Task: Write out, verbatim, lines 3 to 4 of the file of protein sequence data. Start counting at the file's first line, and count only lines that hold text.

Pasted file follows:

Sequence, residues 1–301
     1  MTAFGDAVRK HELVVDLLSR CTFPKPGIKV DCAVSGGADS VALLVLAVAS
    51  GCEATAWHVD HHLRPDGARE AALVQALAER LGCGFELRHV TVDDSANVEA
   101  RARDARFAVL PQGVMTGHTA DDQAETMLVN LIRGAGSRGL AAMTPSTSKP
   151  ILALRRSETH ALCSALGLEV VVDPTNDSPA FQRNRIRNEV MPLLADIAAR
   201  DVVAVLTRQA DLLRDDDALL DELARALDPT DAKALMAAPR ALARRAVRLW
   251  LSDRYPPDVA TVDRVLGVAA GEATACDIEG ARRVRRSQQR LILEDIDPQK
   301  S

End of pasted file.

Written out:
    51  GCEATAWHVD HHLRPDGARE AALVQALAER LGCGFELRHV TVDDSANVEA
   101  RARDARFAVL PQGVMTGHTA DDQAETMLVN LIRGAGSRGL AAMTPSTSKP